"Iran’s ballistic missiles pose far less threat if its nuke program restricted"
Baku, Azerbaijan, Oct. 15
By Umid Niayesh - Trend:
Iran's ballistic missiles pose far less of a threat if its nuclear program is restricted and Tehran cannot pursue nuclear weapons, Kelsey Davenport, the Director for Nonproliferation Policy at the Arms Control Association told Trend Oct. 15.
Davenport was commenting on the disputes over Iran's recent ballistic missile test, which took place Oct. 11. Tehran's test-firing its new long-range ballistic missile Emad triggered a reaction from the West.
In particular, the US Department of State said it would refer the issue to the United Nations Security Council for review to determine whether the test violated the UN Security Council resolution 1929.
Davenport believes that the missile test clearly violates the resolution which is still in effect.
The provisions of UN Security Council Resolution 1929 are not terminated until the International Atomic Energy Agency certifies that Iran has taken key steps under the nuclear deal to limit its nuclear program and allow inspectors greater access, the expert said, adding Iran will begin taking those steps next week, after the agreement is formally adopted on Oct. 18.
"After that, it could take Tehran anywhere from 2-6 months to complete its tasks. At that point the restrictions from Resolution 1929 are replaced by those outlined in Resolution 2231."
The Resolution 1929, prohibits Iran from testing and developing ballistic missiles capable of delivering nuclear weapons, however, Iran has never considered itself bound by Resolution 1929, because it considers the UN sanctions illegal and based on false allegations regarding its nuclear program, she underlined.
Davenport further said that since 2010, when the resolution as passed, Iran has tested ballistic missiles on multiple occasions in defiance of the resolution.
She added that because Resolution 2231 is not in force, Iran is not violating it. However, Tehran's actions are unhelpful and certainly defy the spirit of the resolution.
The text of the new resolution also says that Iran is "called upon to comply" with a prohibition on testing or developing ballistic missiles capable of delivering a nuclear weapons, she noted.
"That could leave space for Iran to argue that its ballistic missiles are for conventional purposes, even though the missile Tehran tested meets the minimum requirements for delivering a nuclear weapons (500 kilogram payload over 300 kilometers)."
She further commented on Iranian officials' statements that the test firing of missiles by Iran does not breach the country's obligations to the JCPOA.
"The JCPOA does not place restrictions on Iran's ballistic missile program. The UN Security Council Resolution 2231 calls up on Iran not to test ballistic missiles designed to be capable of delivering a nuclear warhead," Davenport explained.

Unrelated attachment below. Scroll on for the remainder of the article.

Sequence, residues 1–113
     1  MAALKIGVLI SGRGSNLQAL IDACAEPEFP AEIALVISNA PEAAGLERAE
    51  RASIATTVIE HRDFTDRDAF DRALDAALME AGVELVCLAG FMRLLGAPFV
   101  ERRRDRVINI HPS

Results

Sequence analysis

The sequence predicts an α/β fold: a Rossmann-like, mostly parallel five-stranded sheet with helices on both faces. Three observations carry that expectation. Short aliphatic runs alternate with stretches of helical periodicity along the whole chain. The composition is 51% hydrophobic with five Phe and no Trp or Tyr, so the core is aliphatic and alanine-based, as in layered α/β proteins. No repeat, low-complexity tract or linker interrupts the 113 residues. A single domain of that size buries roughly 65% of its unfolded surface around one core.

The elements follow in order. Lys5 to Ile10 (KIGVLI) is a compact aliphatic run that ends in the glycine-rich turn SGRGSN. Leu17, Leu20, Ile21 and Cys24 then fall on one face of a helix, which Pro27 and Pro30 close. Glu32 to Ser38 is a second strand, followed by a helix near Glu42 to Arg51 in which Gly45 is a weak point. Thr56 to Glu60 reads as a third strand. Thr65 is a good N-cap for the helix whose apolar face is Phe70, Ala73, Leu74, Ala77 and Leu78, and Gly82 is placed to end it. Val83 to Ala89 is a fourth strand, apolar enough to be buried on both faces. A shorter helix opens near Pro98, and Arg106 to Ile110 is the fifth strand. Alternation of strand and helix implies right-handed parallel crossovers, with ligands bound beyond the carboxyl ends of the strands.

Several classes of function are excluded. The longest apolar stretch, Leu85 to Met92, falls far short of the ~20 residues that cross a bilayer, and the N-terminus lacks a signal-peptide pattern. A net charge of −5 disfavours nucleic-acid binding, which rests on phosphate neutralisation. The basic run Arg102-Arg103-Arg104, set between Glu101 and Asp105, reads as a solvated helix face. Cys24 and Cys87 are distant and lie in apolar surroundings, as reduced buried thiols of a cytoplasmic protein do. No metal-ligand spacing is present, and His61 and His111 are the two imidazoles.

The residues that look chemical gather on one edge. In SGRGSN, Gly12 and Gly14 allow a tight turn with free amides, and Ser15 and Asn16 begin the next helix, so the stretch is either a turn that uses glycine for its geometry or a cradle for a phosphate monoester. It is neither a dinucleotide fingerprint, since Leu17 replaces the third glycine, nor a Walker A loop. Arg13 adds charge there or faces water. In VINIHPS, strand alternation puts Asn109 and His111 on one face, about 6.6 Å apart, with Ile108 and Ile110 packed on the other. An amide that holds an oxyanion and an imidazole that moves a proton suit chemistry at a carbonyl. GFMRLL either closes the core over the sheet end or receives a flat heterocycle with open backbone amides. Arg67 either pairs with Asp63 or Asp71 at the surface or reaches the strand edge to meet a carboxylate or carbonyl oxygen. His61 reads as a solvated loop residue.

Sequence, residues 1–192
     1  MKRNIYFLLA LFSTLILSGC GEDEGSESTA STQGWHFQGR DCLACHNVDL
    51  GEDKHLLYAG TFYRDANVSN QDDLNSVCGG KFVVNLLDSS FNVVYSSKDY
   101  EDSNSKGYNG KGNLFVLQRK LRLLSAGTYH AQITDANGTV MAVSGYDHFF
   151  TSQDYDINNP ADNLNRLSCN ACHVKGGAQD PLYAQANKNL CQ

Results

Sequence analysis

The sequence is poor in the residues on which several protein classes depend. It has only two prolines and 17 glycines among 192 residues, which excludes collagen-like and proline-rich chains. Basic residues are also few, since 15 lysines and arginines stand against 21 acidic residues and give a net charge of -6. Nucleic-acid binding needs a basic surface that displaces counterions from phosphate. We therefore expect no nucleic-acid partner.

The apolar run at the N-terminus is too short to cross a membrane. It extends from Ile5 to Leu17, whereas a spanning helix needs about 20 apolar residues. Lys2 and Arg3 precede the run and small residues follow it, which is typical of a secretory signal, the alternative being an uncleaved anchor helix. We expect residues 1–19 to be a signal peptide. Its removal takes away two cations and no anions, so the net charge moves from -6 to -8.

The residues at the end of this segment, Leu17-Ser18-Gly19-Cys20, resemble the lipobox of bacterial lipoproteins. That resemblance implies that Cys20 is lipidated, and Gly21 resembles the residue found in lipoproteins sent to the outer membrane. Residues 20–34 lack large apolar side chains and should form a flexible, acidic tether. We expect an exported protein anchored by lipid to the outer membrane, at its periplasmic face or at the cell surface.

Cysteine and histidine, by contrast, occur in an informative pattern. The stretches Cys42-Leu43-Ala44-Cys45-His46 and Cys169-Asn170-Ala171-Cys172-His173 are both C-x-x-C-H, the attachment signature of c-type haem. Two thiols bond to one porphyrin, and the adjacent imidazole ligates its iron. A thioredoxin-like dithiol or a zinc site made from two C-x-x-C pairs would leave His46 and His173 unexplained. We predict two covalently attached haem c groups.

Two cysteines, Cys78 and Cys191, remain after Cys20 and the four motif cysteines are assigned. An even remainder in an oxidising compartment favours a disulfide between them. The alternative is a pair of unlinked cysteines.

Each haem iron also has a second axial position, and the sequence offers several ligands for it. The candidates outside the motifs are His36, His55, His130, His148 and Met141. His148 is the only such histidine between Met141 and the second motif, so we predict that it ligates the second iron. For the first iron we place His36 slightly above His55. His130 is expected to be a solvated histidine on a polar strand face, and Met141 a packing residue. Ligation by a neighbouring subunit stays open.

While commenting on Iranian side's claim that parts of the UNSC resolution regarding Iran's missile program is non-binding, the expert said that the UN Security Council resolutions are binding on all member states, and Iran voluntarily entered into the agreement that Resolution 2231 endorses.
"However, Resolution 2231 is not yet fully in effect. While Iran's decision to test a missile at this delicate stage is unhelpful, critics of the agreement should not use it as an excuse to walk away from the agreement."
Davenport further rejected a possible secret agreement between Tehran and Washington, permitting Iran to continue its missile program.
"It is highly unlikely that there is a secret agreement allowing Tehran to continue testing its ballistic missiles - that defies the spirit of the UN resolution."
Responding a question about possible measures which may be taken by US if Iran continues to violate the UN resolutions, she said that the United States has a number of options at its disposal if Iran violates its commitments, ranging from re-imposition of the US sanctions to going to the UN Security Council to snap UN sanctions back into place.
However, Washington should think carefully about the steps it chooses and ensure that it does not kill the deal over a technical error, or a violation, such as a missile test, that has no bearing on Iran's commitments to restrict its nuclear program under the deal, Davenport underlined.
"That being said, Iran cannot flout its obligations under the nuclear agreement and Resolution 2231. If these events occur in the future, after the deal is implemented, Washington should consider a measured response that targets the missile activity while seeking to keep the core of the nuclear deal in place."